Seven Mistakes of MakerSpaces

If you’re like most American schools, there’s a good chance your school has not had a MakerSpace or a Shop classroom or a Home Economics classroom in a decade.  Many school administrators recall shop classes or home economics — but have virtually no idea what goes into running one or starting one up.  They often think it’s a matter of putting a lot of tools into a largish classroom, and leaving it at that; or giving a teacher (or librarian — some libraries are starting up MakerSpaces now, too) permission to run a program: up, up and away!

But when a school is starting a program from scratch, it’s likely to forget a number of critical points of view.  We’ve identified seventeen ways that MakerSpace programs don’t get enough forethought in American school programs — and we’ve identified a a number of possible solutions to those problems, as well.  Not every solution is going to work for every institution, of course. But knowing what solutions to pursue can be helpful.

Here are the top seven of our “MakerSpace Mistakes” that administrators usually get blind-sided by:

  1. Liability vs. Best Practice
  2. Professional Development
  3. Curriculum Scope and Sequence
  4. Gender Friendliness
  5. Hardware Store Time
  6. Visual Thinking
  7. Mission Creep

Let’s look at these briefly.

  • Liability vs. Best Practice:  It’s easy for schools to get caught up in the question of liability when there’s an injury in a MakerSpace. But it’s better to establish goals for best practice ahead of time. It’s better to dedicate the time and attention to think about your MakerSpace’s First Aid procedures, and the correct procedure for various pieces of equipment, when you’re not in emergency mode.
  • Professional Development: It’s easy for schools to saddle the “MakerSpace Teacher” with a wide swath of responsibilities for the space.  But if your school has spent thousands of dollars on complicated and potentially-dangerous equipment, you owe it to your staff to make sure that they know how to use it.  You expect your teachers to master your online course software and grades-posting software; why aren’t you also planning for them to become proficient in the sewing machine or the drill press, too?  Build in the appropriate time and expectations for your teachers to train on your expensive equipment; don’t leave it for the MakerSpace Teacher alone.
  • Curriculum Scope and Sequence: Most MakerSpaces have to start out slow.  Your institution likely has students who have never been given much chance to handle sharp objects in school before, and now you’re introducing CNC machines and 3D printers that can cut or burn.  Yet as your MakerSpace students and teachers grow in proficiency and confidence, you’ll find that the MakerSpace can be a source of school-wide disruption.  Plan for it, at least a little, by focusing on curriculum development every month for at least the first five years.  Frequent course adjustment will be necessary.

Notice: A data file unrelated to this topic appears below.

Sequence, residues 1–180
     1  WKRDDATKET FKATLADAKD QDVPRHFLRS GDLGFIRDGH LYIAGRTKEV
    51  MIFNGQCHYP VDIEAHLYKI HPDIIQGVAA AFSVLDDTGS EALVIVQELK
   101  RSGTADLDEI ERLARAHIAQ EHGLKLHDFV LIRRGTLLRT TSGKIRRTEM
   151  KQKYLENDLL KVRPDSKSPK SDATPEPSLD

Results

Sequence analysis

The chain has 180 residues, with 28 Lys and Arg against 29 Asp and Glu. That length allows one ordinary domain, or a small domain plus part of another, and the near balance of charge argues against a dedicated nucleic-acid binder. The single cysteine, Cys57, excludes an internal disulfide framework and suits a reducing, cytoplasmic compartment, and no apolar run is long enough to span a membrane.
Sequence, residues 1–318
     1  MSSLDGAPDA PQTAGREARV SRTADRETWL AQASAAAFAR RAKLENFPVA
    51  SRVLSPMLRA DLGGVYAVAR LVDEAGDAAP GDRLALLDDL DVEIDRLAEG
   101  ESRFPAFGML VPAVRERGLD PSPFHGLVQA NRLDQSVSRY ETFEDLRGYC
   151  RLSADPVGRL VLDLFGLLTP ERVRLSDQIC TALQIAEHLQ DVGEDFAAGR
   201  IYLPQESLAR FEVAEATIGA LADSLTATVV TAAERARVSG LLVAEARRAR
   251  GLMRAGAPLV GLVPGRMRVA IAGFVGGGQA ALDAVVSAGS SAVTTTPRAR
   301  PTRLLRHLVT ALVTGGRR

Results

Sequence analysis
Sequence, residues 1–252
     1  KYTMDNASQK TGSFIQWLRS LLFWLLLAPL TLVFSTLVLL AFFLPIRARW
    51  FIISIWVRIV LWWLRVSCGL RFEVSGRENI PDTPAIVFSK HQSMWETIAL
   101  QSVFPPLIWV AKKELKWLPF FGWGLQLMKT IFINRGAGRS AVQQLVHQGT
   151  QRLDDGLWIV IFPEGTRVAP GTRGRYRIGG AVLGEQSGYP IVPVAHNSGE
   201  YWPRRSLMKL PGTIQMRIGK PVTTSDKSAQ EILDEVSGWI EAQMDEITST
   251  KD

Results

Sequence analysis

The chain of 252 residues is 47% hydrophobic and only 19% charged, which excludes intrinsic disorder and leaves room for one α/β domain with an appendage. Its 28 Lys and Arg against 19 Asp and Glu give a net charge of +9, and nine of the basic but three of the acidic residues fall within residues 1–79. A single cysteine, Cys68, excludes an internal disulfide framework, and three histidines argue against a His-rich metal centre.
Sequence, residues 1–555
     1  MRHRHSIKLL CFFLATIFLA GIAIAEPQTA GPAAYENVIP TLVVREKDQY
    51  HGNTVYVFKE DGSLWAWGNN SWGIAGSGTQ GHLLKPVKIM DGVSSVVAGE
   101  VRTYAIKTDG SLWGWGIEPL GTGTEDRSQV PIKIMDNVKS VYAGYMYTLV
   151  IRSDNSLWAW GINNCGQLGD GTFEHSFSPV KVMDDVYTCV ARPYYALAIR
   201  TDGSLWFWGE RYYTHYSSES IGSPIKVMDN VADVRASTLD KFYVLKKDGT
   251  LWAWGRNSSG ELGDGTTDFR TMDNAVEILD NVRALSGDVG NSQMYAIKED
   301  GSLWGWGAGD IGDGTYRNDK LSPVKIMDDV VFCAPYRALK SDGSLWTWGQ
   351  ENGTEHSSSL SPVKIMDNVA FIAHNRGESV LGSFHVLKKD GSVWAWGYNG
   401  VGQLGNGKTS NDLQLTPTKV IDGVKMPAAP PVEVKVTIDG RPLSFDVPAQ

• Gender Friendliness: MakerSpaces often tend to skew toward robotics, programming, and carpentry, and girls can feel left out.  Work on developing a gender-friendly in-school curriculum and after-school program with a range of activities designed to appeal to both boys and girls. Expect that all students are going to learn to saw a board, build a robot arm, sew a lunch bag, and knit a scarf. Doing so helps ensure a greater crossover of students — girls to robotics, boys to sewing and knitting.
  • Hardware Store Time: A MakerSpace teacher often spends as much time browsing for parts as she does teaching students to assemble them.  During one particularly hard week, I had to visit six different stores looking for the right motors for a project when an online order’s delivery was delayed several days.  Another time, I spent ten minutes browsing for the three different lengths of screws that a student needed to finish a project safely.   A MakerSpace teacher needs built-in time in their work-week to go off on shopping expeditions for parts, tools, and materials.
  • Visual Thinking: Schools and libraries tend to privilege the written word and mathematics over other methods of understanding the world. But drawing and visual thinking are critical tools for the designer — Charles Darwin diagrammed the process of evolution twenty-five years before he could explain it in words; and Thomas Edison sketched a lightbulb seven years before his team knew what all the parts had to be made of.  Any teacher at all can teach visual thinking skills — visual note-taking, sketching, drawing, doodling, cartooning, and so on — but they have to know and understand why and how to privilege it.  See Professional Development, above.
  • Mission Creep: Your MakerSpace should wind up at the center of a lot of different parts of your school and its curriculum.  The MakerSpace students and adults may find themselves running an ad hoc theater tech shop, a series of support projects for your core curriculum, be an important part of your encore curriculum, run an after-school program, and provide additional layers of everything your school does from graphic design to computer programming (if it doesn’t wind up there, you should ask yourself “why not?”).  Your MakerSpace should, over time, become a humming machine at the heart of your school.  But be careful: don’t let your staff or your equipment run at 110% — it’s a great way to break the program. Make sure that you identify the program’s mission, and keep it from spiraling too far from that mission.

For ways to avoid these and other mistakes, contact us.